End of the road for Italy’s Terri Schiavo
Father of Eluana Englaro authorised to remove feeding tubes
After years of heated debate, Italy’s top court has ruled that the father of 35-year-old Eluana Englaro, who has been in a coma for 16 years, may authorise the removal of her feeding tubes. A relieved Beppino Englaro, who has been fighting to do this for ten years, declared: "We live in a state of rights. At last there is a way out of this hell."
Ms Englaro was severely brain-damaged in a car crass in 1992. The court accepted that her coma was irreversible, and that she had stated her preference to die rather than be kept alive artificially.
The battle to determine whether she lives or dies bears a strong resemblance to the Terri Schiavo case. In this case, the nuns who have nursed her for 14 years have pleaded for her to be allowed to live: "If there is someone who considers her dead, may they leave Eluana to continue with us, who feel she is alive," they have declared. "Leave us the freedom to love and to give ourselves to one who is weak."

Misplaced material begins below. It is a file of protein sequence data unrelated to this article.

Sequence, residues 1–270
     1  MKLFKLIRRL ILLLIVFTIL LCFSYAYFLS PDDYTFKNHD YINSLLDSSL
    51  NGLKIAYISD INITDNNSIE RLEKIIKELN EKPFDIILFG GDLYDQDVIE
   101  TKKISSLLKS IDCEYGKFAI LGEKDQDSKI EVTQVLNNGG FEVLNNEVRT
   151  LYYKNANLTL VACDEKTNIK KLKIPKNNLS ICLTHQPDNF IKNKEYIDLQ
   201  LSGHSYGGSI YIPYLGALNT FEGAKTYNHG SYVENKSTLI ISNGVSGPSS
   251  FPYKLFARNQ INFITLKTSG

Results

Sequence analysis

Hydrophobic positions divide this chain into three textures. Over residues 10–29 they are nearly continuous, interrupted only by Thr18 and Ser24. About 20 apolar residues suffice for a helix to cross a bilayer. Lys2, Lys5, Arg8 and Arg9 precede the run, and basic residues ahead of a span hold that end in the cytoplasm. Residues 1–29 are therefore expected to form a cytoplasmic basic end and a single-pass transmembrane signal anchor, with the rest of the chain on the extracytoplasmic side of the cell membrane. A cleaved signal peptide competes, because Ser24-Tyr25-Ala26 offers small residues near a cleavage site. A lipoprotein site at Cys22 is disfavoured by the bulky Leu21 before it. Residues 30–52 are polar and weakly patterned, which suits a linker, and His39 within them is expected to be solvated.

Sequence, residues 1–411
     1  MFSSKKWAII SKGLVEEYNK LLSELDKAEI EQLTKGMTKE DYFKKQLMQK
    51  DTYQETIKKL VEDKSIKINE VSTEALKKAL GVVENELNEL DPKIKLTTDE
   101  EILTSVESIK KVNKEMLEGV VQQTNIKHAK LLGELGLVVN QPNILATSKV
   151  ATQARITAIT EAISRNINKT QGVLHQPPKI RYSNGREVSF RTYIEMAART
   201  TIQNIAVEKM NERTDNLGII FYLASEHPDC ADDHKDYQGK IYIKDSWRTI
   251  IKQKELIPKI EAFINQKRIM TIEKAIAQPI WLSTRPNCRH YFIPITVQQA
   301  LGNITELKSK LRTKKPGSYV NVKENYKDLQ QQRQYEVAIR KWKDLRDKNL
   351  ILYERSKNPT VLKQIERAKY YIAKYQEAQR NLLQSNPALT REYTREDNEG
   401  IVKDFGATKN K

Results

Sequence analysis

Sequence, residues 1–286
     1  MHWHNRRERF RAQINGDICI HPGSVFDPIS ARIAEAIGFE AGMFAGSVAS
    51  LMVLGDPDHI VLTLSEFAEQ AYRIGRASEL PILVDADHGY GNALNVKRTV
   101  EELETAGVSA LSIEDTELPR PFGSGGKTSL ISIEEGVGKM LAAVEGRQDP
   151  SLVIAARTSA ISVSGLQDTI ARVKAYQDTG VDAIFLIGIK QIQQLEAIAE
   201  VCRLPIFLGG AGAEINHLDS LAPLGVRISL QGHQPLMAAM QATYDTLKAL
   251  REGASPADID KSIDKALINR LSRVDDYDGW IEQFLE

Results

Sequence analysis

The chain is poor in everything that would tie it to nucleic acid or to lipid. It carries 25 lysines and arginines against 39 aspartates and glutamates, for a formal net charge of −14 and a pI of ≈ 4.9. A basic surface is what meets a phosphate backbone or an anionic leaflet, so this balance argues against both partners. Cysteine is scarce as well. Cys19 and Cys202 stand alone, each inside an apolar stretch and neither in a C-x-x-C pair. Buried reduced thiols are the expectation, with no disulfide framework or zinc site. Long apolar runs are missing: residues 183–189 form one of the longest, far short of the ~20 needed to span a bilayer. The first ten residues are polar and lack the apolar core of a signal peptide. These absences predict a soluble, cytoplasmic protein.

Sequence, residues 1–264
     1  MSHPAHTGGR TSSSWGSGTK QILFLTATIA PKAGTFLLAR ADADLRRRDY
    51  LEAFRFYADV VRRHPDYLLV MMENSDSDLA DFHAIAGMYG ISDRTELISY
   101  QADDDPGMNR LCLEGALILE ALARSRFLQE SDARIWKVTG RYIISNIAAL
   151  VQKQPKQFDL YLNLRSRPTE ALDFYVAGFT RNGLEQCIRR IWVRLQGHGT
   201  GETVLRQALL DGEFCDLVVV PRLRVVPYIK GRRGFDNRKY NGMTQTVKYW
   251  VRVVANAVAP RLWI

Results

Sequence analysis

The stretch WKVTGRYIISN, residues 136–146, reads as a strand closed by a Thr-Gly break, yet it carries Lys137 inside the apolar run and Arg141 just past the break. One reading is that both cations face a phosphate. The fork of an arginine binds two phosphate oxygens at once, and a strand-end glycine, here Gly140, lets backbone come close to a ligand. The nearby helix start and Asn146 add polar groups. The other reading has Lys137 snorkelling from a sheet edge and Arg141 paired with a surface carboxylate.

The case has been dramatised by the media as a clash between rigid conservatism and progressive freedom. The Catholic Church has been an outspoken supporter of allowing the woman to live. Cardinal Ennio Antonelli, president of the Pontifical Council for the Family, put the Church’s case in this way: "Eluana is in a ‘vegetative state,’ but she is not a vegetable. She is a person who is sleeping. The person, also when she is sleeping or disabled, conserves all of her dignity. The person is valuable in herself, not for what she produces or consumes, or for the pleasure or satisfaction she gives to others." ~ Zenit, Nov 17; Independent, Nov 14
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